• Cecil Andrew Hayes

Army / Flying Corps
  • 54th Australian Infantry Battalion
  • Private

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  • British War Medal
  • Birth

    Bredbo, New South Wales, Australia

  • Enlistment - WW1

    Dubbo, NSW, Australia

Stories and comments
    • Cecil Gave So Much For His Country.
    • Posted by annstewie, Friday, 9 January 2015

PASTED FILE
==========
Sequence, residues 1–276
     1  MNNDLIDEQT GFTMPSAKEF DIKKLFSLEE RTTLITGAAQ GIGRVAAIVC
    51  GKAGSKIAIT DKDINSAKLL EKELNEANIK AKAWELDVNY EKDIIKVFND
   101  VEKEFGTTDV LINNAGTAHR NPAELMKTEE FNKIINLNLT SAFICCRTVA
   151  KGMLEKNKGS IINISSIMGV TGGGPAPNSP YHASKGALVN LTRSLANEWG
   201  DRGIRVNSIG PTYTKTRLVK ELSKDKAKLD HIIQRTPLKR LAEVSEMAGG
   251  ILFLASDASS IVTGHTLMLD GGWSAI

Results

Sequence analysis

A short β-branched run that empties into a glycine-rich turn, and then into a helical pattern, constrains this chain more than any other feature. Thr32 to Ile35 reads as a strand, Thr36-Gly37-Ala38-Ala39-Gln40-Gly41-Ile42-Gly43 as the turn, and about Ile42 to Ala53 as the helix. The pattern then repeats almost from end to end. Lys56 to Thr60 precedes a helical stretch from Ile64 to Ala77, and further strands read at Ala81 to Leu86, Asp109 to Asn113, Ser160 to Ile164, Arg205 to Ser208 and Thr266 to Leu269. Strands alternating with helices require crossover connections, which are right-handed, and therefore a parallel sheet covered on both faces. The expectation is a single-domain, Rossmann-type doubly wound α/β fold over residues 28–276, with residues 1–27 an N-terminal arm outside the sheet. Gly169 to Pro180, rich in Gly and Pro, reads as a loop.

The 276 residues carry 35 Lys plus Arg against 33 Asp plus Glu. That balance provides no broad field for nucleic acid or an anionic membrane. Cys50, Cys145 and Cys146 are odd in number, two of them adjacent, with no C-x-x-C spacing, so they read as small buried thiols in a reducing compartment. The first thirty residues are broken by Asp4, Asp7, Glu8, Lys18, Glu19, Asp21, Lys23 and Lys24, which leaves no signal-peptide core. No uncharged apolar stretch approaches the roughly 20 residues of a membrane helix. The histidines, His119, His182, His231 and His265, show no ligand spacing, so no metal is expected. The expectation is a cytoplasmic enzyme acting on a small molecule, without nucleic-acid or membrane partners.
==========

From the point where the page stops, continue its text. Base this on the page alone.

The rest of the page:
Pte Cecil Andrew Hayes Service No 2916 54th Battalion Jack (born 1867), Andy (1883) and Frank Hayes (1889) were the sons of Patrick Hayes and his wife, Elizabeth Stewart. The couple raised their family on "Rosebrook", a large property in the Rose Valley, north of Cooma, owned by the Harnett family. Patrick's parents were Irish immigrants, who had arrived in 1841. Thomas was one of a group, who found sufficient gold to spark the Kiandra Goldrush of 1859. Later, he was employed as a shepherd and Margaret as a housekeeper. Eventually they selected their own land at Rock Flat. When Thomas died in 1899, Margaret went to live at "Rosebrook.". She died at Jerangle, in 1907. Elizabeth's parents, William Stewart and Esther Hannah, had migrated from Northern Ireland, in 1842. Elizabeth was born at Gundaroo, (north of Canberra), but after a time working at Naas Creek (now ACT), the family selected land at Cooma Creek. When her mother was killed by lightening, the care of six younger children probably fell to Elizabeth, until four years later, she married Patrick, who was a shepherd at the time. He was later a teamster and then became a farmer. They raised 11 children, nine of whom survived to adulthood. They were probably working on "Rosebrook" in 1866, when the Clarke Gang bailed up the homestead and relieved the Hartnett family and their friends of their winnings, gained at the Cooma Races, earlier that day. Patrick died in1899 and Elizabeth in 1910. Jack married Margaret "Maria" Bowerman (daughter of William Bowerman and Margaret Connelly) and worked around the countryside with Frank. Jack and Maria's son, Cecil, was born in 1897. Two other children did not survive infancy. When Cecil enlisted in June 1916, Andy and Frank had already joined up. Andy went to France with the 31st Battalion and Frank to France and Belgium, with the 55th Battalion. Cecil embarked from Sydney, in October and arrived in France, in February 1917. After manning the trenches of the Somme Valley, the 54th Battalion was sent to Ypres, in Belgium. After a stint in hospital with diarhorrea, Cecil rejoined his unit , who took part in the Third Battle of Ypres - a series of bloody conflicts. In October, Cecil was gassed. After recovering in England, he was gassed again almost immediately, in April 1918 and needed a much longer time to recover, in England. He did not return to the fighting and did not arrive home, until May 1919. Frank had been badly wounded and had made it home the previous year - with limited use of his arm. Andy brought home his English bride, Edith Wilson (nee Cooke) and her young son, in September, 1919. Two years later, Cecil married Hannah May Dunn in Condoblin. They raised a family of six. In October 1941, at the age of 44, Cecil enlisted with the Australian Auxillary Transport Corps and served for two years. In the last weeks of WW2, Hannah and Cecil's son, (Leslie) Patrick, a former farmer, aged only 20, was killed in action, while serving with the 2/4th Battalion in New Guinea and was buried at Lae. His parents were living at Grenfell, NSW, at the time and later resided in Parkes. In 1967, Cecil wrote to the army requesting a copy of his WW1 discharge papers and badge, as he had lost them in a fire at Tullamore. Cecil died 1968 in Parkes and Hannah a year later. REFERENCES: "From Kilkeel to Cooma", William and Esther Stewart Family History Group, Cooma NAA Army Service Records Series B2455, B883 and B884 NSW BDM DC # 12068/1907, # 16981/1968, # 42898/1969 NSW BDM MC # 11678/1921 Australian War Memorial "Explore: Australian Military Units - WW1 - Infantry: 54th Battalion